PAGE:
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treeye treeye (New Member) New Member

afraid of being stuck by a needle

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I work as a nurse for almost three years and insert IVs all the time, but when it comes to myself being stuck for IV or blood draw, I'm a big baby. I got so nervous and sweaty, and sometimes I feel dizzy. So today I went in to have my blood tested and when I see a student trying to get my blood, I politely said" do you mind Kristen gets it for me?" (Kristen is a phlebotomist working there).

Now I feel bad that I refused to have blood drawn by the student. To be honest, I was a student at one time, if my patients refuse to let me practice on them, I will never become good at IVs.

What's your input on this? Are you afraid of being stuck like I do?

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I have a massive tattoo on my back and when I went to get a deep cleaning for my teeth, the needle injected into my gums nearly caused me to pass out -- I was so surprised at that!!! So, now I'm a little weird about being stuck. I am very convinced of the importance of giving blood and would really love to go sometime soon but now I'm worrying about my reaction to it. However, I'm still going to do it. I may pass out (my mom did the one and only time she did but not from needle fear) or be a little bit afraid but I feel this will be a good opportunity to get re-accustomed to something I used to be so brave about. For me, exposure is the best way to overcome something that I am nervous about.

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I used to be able to watch when I had to get blood drawn or an IV started on myself, but since I became a nurse I am the world's worst pt. I've run from my coworker every year when getting my flu shot (that I voluntarily agreed to get) and I'll ask what gauge needle they're planning on using for my IV. I told one home health nurse to drop the 20g and pick up that pretty little 24g if she was going to stick it in my hand. I also tell my nurses they get two tries at getting it then they're done. I tell my pts, as I'm getting ready to administer their 3 weekly shots, that it's better to give than to receive. Honestly, I think it's a control issue. I know how to give a shot and draw blood/start IVs, but if I'm not doing it to myself I know it's going to hurt.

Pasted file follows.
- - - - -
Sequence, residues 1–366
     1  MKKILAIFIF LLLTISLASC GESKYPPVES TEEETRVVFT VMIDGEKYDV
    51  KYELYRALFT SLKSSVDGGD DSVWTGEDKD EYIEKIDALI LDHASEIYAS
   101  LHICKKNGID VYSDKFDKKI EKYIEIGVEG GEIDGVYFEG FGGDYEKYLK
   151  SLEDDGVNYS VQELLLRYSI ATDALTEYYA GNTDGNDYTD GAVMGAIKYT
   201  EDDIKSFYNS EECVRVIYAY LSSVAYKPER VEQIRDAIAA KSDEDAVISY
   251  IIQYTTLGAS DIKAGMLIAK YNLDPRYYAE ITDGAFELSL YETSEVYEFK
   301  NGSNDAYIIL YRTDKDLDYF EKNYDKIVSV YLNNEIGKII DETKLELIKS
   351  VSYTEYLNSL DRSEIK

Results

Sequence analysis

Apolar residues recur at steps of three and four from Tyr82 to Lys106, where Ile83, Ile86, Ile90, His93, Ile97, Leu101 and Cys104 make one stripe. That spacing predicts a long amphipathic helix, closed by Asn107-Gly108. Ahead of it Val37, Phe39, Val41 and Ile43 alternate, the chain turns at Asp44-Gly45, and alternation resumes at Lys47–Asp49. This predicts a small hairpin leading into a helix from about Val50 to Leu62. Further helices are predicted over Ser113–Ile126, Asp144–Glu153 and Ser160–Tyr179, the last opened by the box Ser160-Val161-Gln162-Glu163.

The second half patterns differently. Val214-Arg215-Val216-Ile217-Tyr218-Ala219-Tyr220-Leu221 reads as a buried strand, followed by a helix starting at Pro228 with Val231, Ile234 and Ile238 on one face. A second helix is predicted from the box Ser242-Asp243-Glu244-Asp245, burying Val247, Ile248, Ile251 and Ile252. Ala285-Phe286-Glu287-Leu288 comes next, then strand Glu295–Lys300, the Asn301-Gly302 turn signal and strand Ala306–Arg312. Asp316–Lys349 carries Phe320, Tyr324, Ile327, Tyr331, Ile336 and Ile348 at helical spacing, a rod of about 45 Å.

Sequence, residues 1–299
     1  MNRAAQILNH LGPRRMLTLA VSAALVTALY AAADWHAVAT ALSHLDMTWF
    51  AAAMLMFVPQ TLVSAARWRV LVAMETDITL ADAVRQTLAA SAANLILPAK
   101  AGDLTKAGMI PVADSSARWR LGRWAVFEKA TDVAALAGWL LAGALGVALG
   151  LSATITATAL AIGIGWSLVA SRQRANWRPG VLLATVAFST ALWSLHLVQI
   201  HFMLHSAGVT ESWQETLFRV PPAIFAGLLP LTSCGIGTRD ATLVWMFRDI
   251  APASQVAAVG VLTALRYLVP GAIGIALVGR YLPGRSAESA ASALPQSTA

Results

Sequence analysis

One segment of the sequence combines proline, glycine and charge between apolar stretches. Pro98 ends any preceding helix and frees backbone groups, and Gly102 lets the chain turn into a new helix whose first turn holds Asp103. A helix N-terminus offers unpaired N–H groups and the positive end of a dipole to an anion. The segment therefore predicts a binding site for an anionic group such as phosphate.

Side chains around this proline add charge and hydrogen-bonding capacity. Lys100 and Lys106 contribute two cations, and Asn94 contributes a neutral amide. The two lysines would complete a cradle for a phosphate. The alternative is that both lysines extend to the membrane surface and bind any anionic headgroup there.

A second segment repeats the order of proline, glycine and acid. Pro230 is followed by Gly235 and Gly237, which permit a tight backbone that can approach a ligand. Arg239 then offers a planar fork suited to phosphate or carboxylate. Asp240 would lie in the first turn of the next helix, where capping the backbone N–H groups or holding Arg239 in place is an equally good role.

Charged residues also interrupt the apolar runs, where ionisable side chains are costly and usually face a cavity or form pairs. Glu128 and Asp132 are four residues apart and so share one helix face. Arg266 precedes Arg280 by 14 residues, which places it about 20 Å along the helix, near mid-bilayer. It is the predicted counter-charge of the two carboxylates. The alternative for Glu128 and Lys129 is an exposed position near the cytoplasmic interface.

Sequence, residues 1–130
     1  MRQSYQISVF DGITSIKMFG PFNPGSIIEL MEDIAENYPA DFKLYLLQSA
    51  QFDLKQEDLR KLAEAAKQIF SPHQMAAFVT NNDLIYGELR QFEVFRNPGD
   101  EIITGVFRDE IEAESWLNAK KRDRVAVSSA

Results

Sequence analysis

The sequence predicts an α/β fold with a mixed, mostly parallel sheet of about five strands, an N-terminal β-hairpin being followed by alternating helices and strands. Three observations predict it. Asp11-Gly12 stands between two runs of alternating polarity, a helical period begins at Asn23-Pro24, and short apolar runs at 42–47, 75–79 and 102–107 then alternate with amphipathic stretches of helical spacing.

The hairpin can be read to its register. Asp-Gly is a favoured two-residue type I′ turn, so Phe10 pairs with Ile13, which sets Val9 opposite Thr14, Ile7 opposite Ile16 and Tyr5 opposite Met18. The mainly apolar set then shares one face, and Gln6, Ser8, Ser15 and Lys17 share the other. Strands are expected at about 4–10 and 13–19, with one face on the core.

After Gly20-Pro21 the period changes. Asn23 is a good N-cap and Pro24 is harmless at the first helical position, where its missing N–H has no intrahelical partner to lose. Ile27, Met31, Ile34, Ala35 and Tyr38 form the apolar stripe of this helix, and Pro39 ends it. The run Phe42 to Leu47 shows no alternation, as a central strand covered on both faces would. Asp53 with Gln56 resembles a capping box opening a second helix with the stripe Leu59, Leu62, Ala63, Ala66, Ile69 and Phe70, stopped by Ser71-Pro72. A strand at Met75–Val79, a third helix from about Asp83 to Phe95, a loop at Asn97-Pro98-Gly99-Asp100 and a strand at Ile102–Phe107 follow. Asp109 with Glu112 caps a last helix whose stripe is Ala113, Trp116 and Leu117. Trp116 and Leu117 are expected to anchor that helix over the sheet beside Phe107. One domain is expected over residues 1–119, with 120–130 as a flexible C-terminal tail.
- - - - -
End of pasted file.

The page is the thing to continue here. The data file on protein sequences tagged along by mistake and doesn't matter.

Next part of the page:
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I used to be able to watch when I had to get blood drawn or an IV started on myself, but since I became a nurse I am the world's worst pt. I've run from my coworker every year when getting my flu shot (that I voluntarily agreed to get) and I'll ask what gauge needle they're planning on using for my IV. I told one home health nurse to drop the 20g and pick up that pretty little 24g if she was going to stick it in my hand. I also tell my nurses they get two tries at getting it then they're done. I tell my pts, as I'm getting ready to administer their 3 weekly shots, that it's better to give than to receive. Honestly, I think it's a control issue. I know how to give a shot and draw blood/start IVs, but if I'm not doing it to myself I know it's going to hurt.